By: Zahid Hussain, Associated Press Writer
(AP) Opening arguments in the trial of four men accused in the kidnapping and slaying of Wall Street Journal reporter Daniel Pearl were postponed for more than a week, attorneys for both sides said Friday.
Chief prosecutor Raja Quereshi said the delay was to meet legal requirements for trying in absentia seven other suspects who remain at large. Journalists were again barred from the half-hour proceeding, which took place inside the Karachi Central Jail.
British-born Islamic militant Ahmed Omar Saeed Sheikh, 28, and three co-defendants are in custody charged with murder, kidnapping. and terrorism. They face the death penalty if convicted.
During the session, Judge Arshad Noor Khan scheduled the entering of pleas and opening statements for April 22 after police said they could not find the seven other suspects, Quereshi said.
Khan formally declared them fugitives, paving the way for them to be tried in absentia along with the four others. However, Pakistani law requires a delay of at least a week before proceedings against the seven could be started.
Pearl, the Journal‘s South Asia correspondent, disappeared Jan. 23 on his way to a Karachi restaurant to meet an Islamic militant contact believed to have been Saeed. A few days later, e-mails sent by the previously unknown National Movement for the Restoration of Pakistani Sovereignty announced his kidnapping and showed pictures of him in captivity.
A videotape received by U.S. diplomats in Pakistan on Feb. 21 confirmed Pearl, 38, was dead. His body has not been found.
During Friday’s session, Khan also ruled that the videotape was admissible and that prosecutors do not have to submit it to the defense until it is shown in court, Quereshi said.
Although journalists have been barred from both sessions, family members of the defendants have been allowed to attend.
The proceedings began April 5 but were adjourned until Friday to give the prosecution time to turn over copies of the e-mails sent to U.S. and Pakistani media announcing Pearl’s abduction. The defendants were arrested after authorities traced the e-mails.
Also Friday, the judge ordered a medical examination for defendant Salman Saqib, who is suffering from hepatitis C and complications from a bullet wound suffered in Afghanistan while fighting for the Taliban, according to his lawyer Khawaja Naveed Ahmed.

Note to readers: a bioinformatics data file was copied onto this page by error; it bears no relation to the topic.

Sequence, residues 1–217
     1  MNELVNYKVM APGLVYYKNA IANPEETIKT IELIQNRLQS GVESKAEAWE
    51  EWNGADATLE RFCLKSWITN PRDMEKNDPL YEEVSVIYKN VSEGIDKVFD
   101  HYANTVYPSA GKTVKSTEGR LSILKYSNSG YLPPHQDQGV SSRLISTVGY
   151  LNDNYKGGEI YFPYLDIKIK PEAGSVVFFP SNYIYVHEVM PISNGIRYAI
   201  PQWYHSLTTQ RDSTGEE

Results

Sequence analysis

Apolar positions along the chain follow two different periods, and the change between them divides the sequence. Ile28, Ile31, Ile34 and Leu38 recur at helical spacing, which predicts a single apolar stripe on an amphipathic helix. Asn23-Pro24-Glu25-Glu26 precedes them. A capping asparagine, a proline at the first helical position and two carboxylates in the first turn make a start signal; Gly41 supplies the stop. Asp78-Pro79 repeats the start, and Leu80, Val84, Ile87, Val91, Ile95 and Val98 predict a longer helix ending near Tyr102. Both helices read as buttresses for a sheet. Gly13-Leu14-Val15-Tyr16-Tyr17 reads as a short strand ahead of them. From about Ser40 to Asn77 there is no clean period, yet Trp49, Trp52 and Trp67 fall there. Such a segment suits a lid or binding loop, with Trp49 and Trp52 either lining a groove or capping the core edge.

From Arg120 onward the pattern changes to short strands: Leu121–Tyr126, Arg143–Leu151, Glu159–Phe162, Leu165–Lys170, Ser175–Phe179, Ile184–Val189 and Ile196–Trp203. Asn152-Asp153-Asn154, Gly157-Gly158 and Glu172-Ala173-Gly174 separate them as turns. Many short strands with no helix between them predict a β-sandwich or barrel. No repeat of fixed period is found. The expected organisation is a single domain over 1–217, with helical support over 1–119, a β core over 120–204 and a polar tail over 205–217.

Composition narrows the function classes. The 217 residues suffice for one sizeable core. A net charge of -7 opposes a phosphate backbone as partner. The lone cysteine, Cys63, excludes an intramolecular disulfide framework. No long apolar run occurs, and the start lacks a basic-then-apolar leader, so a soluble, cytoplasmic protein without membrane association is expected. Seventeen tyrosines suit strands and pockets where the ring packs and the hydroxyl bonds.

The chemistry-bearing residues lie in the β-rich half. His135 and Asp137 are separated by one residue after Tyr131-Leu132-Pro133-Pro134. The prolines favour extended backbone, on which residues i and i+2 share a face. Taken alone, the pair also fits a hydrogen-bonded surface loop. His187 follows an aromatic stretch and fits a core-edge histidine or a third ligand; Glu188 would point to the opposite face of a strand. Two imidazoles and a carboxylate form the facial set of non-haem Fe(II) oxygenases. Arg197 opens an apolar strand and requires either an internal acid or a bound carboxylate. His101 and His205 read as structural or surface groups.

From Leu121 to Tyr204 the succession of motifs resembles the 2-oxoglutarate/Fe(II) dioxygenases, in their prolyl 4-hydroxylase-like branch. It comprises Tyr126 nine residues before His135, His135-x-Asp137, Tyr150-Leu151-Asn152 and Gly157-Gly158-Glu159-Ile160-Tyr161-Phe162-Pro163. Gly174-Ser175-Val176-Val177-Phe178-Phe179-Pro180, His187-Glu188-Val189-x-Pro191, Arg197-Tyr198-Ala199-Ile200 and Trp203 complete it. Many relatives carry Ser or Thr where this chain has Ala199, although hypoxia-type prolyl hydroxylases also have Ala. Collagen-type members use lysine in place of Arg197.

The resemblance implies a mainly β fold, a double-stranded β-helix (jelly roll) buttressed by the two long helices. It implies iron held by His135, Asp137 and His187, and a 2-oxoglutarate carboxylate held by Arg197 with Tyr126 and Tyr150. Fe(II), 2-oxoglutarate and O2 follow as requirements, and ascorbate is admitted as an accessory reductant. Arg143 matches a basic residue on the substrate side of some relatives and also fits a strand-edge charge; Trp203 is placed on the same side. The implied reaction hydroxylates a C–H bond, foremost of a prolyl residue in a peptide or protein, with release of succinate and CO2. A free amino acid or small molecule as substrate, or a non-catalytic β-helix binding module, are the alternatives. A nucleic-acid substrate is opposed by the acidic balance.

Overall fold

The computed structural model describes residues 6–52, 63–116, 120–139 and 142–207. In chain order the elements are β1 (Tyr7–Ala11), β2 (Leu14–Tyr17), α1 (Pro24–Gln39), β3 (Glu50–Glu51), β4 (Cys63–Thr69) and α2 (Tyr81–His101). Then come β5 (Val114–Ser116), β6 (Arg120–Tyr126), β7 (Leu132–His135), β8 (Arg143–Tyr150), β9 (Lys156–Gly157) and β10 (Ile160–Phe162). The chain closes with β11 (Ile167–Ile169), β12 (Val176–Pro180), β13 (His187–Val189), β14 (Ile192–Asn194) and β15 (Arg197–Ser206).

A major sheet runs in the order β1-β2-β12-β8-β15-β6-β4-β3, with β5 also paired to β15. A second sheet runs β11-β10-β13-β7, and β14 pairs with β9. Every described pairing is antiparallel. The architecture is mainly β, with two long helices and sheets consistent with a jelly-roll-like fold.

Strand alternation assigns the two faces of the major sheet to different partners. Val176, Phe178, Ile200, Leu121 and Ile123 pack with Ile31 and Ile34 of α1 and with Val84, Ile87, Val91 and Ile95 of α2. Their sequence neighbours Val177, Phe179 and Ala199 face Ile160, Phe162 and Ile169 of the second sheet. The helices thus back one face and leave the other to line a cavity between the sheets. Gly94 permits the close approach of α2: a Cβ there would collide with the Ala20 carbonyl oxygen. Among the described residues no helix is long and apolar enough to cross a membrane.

The other defendants in custody are Saqib’s cousin, Fahad Naseem, and Sheikh Mohammed Adeel, a former policeman.
Defense lawyers also said the judge took under advisement a defense motion to cite President Gen. Pervez Musharraf for contempt of court for remarks he allegedly made to Pakistani journalists that he believed Saeed should be executed. Quereshi said the motion would likely be rejected because Musharraf enjoys constitutional immunity.
Saeed, the alleged mastermind, has also been indicted in the Pearl case by a federal grand jury in New Jersey. U.S. officials also confirmed he was indicted secretly in the 1994 kidnapping of an American in India.
Musharraf has said his government would prosecute Saeed but punish him before considering whether to hand him over to the United States.
Saeed, who is believed to have trained in Afghanistan, was arrested in India after the 1994 kidnapping and was held for five years without trial. He was freed in December 1999 along with two other Islamic militants in exchange for the passengers and crew of an Indian Airlines jet that was hijacked to Kandahar, Afghanistan.
Fearing Saeed’s accomplices might try to rescue him, officials decided to hold the trial in a special courtroom in the Karachi jail.